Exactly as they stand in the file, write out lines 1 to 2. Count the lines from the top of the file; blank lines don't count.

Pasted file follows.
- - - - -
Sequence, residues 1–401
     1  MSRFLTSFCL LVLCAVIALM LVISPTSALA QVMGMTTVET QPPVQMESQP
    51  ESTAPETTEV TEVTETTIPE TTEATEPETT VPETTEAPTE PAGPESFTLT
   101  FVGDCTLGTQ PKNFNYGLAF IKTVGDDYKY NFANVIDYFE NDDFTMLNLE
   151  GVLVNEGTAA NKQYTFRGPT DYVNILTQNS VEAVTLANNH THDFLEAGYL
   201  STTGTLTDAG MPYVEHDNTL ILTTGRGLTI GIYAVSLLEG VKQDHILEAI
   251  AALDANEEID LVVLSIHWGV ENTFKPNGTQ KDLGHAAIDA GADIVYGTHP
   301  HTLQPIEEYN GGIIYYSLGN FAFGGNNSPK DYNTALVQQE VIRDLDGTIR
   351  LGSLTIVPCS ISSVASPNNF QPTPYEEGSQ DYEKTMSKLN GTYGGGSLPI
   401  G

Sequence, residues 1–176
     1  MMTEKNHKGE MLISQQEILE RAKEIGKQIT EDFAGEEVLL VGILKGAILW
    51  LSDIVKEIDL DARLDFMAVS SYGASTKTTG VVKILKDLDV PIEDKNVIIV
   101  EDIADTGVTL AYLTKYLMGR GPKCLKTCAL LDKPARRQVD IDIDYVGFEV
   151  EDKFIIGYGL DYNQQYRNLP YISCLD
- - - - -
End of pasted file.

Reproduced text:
Sequence, residues 1–401
     1  MSRFLTSFCL LVLCAVIALM LVISPTSALA QVMGMTTVET QPPVQMESQP